OpenStack Foundation Rebrands as Open Infrastructure Foundation

Also announced at the Open Infrastructure Summit was the OpenStack Victoria open source cloud platform, with improved integration with Kubernetes and enhanced IPv6 support.

Sean Michael Kerner, Contributor

October 22, 2020

3 Min Read
Open Infrastructure Forum's Jonathan Bryce

The OpenStack Foundation is rebranding itself as the Open Infrastructure Foundation. The news was announced at the virtual Open Infrastructure Summit on Oct. 19.

OpenStack is an open source cloud project that began as joint effort between NASA and Rackspace in 2010 and has grown its membership and contributions over the past decade. The formation of the OpenStack Foundation in 2012 was a major milestone for the organization as it moved the project to a multi-stakeholder, open governance model. But now the organization has decided it's time to take a broader view of the landscape—thus the rebrand.

The name Open Infrastructure isn't an entirely new one for OpenStack. Since 2018, the OpenStack Summit, which is the main conference for OpenStack, has been known as the Open Infrastructure Summit. In a keynote address, Mark Collier, chief operating officer at the Open Infrastructure Foundation, said the simple definition for open infrastructure is it is infrastructure built with open source software, but there is more to what the rebranded foundation is aiming to achieve.

"When you think about open infrastructure, we're really building communities to write software to run in production," Collier said.

Open Infrastructure vs. Cloud Native

A common term in the cloud space is "cloud-native," which is often associated with the Cloud Native Computing Foundation (CNCF) and its flagship project Kubernetes.

Related:Renewed Interest in OpenStack Bare Metal Project Ironic, as Software Moves Closer to Hardware

In a keynote at the event, Thierry Carrez, vice president of engineering at the Open Infrastructure Foundation, said his personal definition for cloud native is applications designed to run on programmable infrastructure.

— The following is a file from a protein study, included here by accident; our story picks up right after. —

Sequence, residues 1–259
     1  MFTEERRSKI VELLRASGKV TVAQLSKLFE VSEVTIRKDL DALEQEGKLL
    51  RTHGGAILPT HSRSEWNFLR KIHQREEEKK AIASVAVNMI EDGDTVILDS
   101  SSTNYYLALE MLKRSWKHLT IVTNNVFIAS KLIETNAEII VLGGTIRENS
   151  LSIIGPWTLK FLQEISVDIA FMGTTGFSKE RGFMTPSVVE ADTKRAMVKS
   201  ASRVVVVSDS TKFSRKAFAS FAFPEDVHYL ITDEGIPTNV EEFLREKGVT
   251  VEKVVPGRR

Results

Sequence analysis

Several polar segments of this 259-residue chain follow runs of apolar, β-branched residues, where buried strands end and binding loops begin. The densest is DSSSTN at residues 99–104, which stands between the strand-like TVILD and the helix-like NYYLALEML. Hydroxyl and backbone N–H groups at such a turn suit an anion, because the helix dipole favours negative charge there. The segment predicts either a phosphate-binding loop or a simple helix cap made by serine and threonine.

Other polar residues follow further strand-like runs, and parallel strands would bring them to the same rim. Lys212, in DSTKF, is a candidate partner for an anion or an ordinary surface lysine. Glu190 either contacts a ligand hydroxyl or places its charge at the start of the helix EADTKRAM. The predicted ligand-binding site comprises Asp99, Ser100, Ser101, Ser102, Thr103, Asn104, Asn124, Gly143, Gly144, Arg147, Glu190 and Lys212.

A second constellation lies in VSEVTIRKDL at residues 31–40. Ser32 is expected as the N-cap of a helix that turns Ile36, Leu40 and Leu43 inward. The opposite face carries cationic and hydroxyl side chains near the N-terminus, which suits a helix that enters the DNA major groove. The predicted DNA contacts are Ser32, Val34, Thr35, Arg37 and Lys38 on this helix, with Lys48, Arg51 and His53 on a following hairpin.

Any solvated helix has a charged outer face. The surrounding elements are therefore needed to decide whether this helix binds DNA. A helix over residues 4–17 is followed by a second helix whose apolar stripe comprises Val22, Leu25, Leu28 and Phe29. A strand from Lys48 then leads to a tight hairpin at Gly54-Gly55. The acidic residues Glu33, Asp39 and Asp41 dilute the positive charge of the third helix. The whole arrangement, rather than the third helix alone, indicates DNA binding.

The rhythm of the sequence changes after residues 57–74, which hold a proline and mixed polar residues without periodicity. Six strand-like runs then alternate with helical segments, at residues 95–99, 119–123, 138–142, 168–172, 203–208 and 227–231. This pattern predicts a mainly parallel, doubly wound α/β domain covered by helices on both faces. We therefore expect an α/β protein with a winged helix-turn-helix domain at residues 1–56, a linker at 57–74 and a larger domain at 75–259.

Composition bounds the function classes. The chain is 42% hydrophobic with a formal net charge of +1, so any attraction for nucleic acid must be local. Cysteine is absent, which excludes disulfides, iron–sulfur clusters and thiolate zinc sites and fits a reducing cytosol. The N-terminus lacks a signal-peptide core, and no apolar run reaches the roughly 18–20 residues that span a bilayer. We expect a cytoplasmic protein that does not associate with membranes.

"Cloud native requires programmable infrastructure, and open infrastructure provides an open source solution for that," Carrez said. "So cloud native and open

infrastructure really go together like bread and butter."

OpenStack Victoria

While the OpenStack Foundation is being rebranded to address a broader vision, the primary project within the organization remains the OpenStack cloud platform itself. On Oct. 14, just ahead of the virtual summit, the OpenStack Victoria platform was released, the second major update to OpenStack in 2020, following the Ussuri release that debuted in May.

OpenStack Victoria was an active release cycle, with 790 developers from 160 organizations contributing a total of just over 20,000 code changes. In a briefing with press and analysts, Jonathan Bryce (pictured), executive director of the Open Infrastructure Foundation, highlighted a number of key features in the release, including native integration with the Kubernetes container orchestration platform.

Related:OpenStack Remains Alive and Well in the Colocation Space

"We continue to see many companies that are deploying OpenStack and Kubernetes together; they are complementary technologies," Bryce said.

One way that OpenStack Victoria boosts Kubernetes integration is improved support in the OpenStack Ironic bare metal project. Among the growing use cases for Ironic is in a stand-alone deployment, where is it used on its own to help management of infrastructure at the edge of the network, or within a data center.

The OpenStack Neutron project also got a boost with the Victoria release, benefiting from expanded IPv6 support. IPv6 is the successor to the IPv4 internet address protocol, providing more addresses to support the growing global demand for connectivity.

"We're starting to see organizations that are running IPv6-only networks, and that's a big transition from where the networking world has been," Bryce said.

About the Author(s)

Sean Michael Kerner


Sean Michael Kerner is an IT consultant, technology enthusiast and tinkerer. He consults to industry and media organizations on technology issues.

Subscribe to the Data Center Knowledge Newsletter
Get analysis and expert insight on the latest in data center business and technology delivered to your inbox daily.

You May Also Like